Virtual of Pompeii

Wander the ancient streets of Pompeii to uncover the intriguing history of the city where time was stopped with the volcanic eruption of Mount Vesuvius in 79AD.

When Mount Vesuvius erupted in 79 AD, spewing detritus into the air, it buried the ancient city of Pompeii under a cloud of ash where it remained untouched for over 1500 years. Uncovering the excavations has offered us a fascinating insight into the lives of the ancient inhabitants. Even if you can’t explore in person, enjoy a meander through the ancient streets to understand life of the Pompeii.

  • Porta Marina

    Start your exploration by passing through the arches of the Porta Marina to enter the ancient city of Pompeii. This gateway to the harbour from the city facilitated the movement of goods and travellers to and from the city. There are two arches, a smaller one with steps for pedestrians and the larger arch for carts to pass through. As you pass under the archway you are walking in the footsteps of the city’s inhabitants thousands of years ago.

  • Tempio di Venere

    Dedicated to Venus, the God of Beauty and patron god of Pompeii, the Tempio di Venere was one of the earliest buildings in Pompeii. Offering spectacular sweeping views over the Bay of Naples, the location was originally the site of private houses before several were destroyed to make way for the temple or converted to accommodation for the temple priests. The temple was destroyed in the 62 AD earthquake, and restoration was incomplete at the time of the 79 AD eruption of Mount Vesuvius. All that remains now of the temple are the altar and two statue bases.

  • Basilica

    Built around 130 – 120 BC, the Basilica was a public building that housed the courts of law and other administration spaces for commercial transactions. It is the oldest Ancient Roman example of this type of building and was once lavishly decorated with statues and marble. The remains of the 28 large columns made of cut tile that you see once supported the 11-metre-high roof. Originally excavated in the 19th century, the ruins of the Basilica provide fascinating insight into the organisation of Pompeii civilisation.

  • Forum

    Stepping out of the Basilica takes you into the Forum, the centre of daily life in ancient Pompeii. The rectangular area was once the town square and hosted several public administrative buildings, markets for trade and various temples. Meander the ruins here, first excavated in 1813, to discover the temples of Apollo, Vespasian and Jupiter, the town hall and municipal buildings. Towering ominously over the square in the background is Mount Vesuvius which, while peaceful and picturesque today, would have been a terrifying sight for the citizens of Pompeii during the eruption.

    Before the eruption, the city’s citizens came to the Forum to purchase food and supplies at the various markets around the square. Food was sold at the Macellum, while wool is believed to have be traded at the Eumachia. The Granary was once a place for storage and trade of cereals and grains, but now houses many artifacts discovered during the centuries of excavations at Pompeii. Stored inside are relics of daily life including terracotta pottery and bottles, and larger items from the imperial villas such as marble tables and baths. But the most haunting collection is that of the body casts of the victims found buried in the ash, a melancholy reminder of the human cost of the eruption.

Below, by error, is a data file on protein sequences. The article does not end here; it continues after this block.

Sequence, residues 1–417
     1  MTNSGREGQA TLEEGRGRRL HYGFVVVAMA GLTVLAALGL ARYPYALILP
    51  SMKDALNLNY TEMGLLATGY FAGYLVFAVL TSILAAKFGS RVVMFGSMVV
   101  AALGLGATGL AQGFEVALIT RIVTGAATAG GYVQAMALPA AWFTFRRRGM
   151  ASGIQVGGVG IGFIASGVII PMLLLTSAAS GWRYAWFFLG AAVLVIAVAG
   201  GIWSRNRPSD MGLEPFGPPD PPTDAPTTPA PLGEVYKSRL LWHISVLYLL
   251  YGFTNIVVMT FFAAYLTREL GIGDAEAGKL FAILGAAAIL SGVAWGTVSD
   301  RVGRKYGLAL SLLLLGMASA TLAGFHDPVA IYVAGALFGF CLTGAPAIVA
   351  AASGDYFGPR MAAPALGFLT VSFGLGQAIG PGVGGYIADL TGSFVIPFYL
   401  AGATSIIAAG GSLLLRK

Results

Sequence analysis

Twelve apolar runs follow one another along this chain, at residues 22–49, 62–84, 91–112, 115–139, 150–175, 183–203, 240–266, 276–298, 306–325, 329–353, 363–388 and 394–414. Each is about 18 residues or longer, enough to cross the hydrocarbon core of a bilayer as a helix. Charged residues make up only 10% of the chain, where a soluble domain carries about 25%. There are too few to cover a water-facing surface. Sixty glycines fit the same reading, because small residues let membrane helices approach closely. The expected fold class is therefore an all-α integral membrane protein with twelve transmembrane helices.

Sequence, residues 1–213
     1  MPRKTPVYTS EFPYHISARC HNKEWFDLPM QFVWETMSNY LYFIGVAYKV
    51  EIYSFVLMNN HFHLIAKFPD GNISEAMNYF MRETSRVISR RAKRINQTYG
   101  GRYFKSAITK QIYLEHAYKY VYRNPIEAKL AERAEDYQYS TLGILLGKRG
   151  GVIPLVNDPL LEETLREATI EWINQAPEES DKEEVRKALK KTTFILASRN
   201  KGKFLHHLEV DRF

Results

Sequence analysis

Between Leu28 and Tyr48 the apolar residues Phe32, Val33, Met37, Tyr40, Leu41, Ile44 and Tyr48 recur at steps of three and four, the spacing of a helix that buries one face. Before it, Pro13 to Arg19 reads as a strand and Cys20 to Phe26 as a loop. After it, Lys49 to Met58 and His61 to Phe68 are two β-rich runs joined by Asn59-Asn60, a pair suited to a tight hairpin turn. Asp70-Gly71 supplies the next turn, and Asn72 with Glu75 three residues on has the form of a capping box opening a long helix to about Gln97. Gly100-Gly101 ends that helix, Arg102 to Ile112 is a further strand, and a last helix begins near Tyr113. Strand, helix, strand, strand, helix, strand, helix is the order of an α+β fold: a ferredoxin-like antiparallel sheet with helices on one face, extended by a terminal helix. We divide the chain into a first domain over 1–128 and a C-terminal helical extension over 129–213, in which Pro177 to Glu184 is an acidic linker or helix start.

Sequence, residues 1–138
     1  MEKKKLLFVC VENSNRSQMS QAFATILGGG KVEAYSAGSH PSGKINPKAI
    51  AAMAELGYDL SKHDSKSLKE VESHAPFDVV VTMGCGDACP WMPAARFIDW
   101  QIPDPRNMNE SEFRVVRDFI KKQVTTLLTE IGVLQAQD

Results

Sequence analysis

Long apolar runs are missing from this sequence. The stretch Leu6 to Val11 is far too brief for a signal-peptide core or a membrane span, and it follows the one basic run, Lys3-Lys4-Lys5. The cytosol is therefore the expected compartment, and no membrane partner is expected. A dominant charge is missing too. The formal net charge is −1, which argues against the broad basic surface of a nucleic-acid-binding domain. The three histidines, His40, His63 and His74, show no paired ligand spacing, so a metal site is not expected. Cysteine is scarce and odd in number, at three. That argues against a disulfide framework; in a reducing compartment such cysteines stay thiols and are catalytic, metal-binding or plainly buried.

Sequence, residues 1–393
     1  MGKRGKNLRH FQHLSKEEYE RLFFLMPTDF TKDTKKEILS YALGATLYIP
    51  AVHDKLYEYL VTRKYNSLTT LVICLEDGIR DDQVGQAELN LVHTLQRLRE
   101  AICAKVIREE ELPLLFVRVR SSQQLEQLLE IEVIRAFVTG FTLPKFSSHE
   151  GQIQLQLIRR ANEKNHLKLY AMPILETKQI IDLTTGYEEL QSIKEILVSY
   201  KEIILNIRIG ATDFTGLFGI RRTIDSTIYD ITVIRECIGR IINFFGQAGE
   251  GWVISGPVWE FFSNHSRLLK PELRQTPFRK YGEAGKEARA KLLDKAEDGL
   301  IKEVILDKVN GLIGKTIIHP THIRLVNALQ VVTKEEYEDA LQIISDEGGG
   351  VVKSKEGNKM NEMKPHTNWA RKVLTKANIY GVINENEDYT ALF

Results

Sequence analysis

• Theatre

    The theatre was an important entertainment and meeting space in the time of ancient Pompeii, where comedies and tragedies were performed for the amusement of the public. The largest theatre, built into the natural hill for support, accommodated roughly 5000 spectators and is now used for special concerts and performances.

  • Lupanare

    While several brothels have been uncovered in Pompeii, the Lupanare was the largest in the city, with 10 rooms to accommodate clients. The word Lupanare means ‘wolf-den’ in Latin, with prostitutes referred to as ‘lupa’ (she-wolf). Archaeologists first recognised the brothels because of the erotic paintings on the walls, examples of which can still be viewed inside. They are also recognised by the layout of multiple simple rooms housing a small stone bed, and the explicit graffiti carved into the walls. The racy images meant female tourists were originally not shown the brothel excavations, but now anyone can see inside these pokey ruins.

  • House of Sicarus

    With much of the city dedicated to housing, we can learn a lot about domestic life in ancient Pompeii by perusing the excavations of the residents’ homes. While middle and lower-class houses were small, simple structures, upper class villas often contained lavishly decorated rooms and peaceful courtyard gardens.

    The house of Siricus is unique example of an aristocrat’s residence, as judging by the layout, it was originally two houses that have been renovated to create one. The name Siricus comes from the owner, whose name is inscribed near the main entrances. Belonging to the political class, Siricus obviously valued wealth, as the inscription on the floor of the entrance reads “Salve Lucrum” (Welcome money). While some of the colourful frescoes that adorned the walls have been removed and displayed in the Naples museum, those that remain give you an idea of how the villa would have looked 2000 years ago.

This virtual tour offers a small taste of what can be explored on a tour of Pompeii in real life. We hope you will join us to dig a little deeper into the history of this amazing city.

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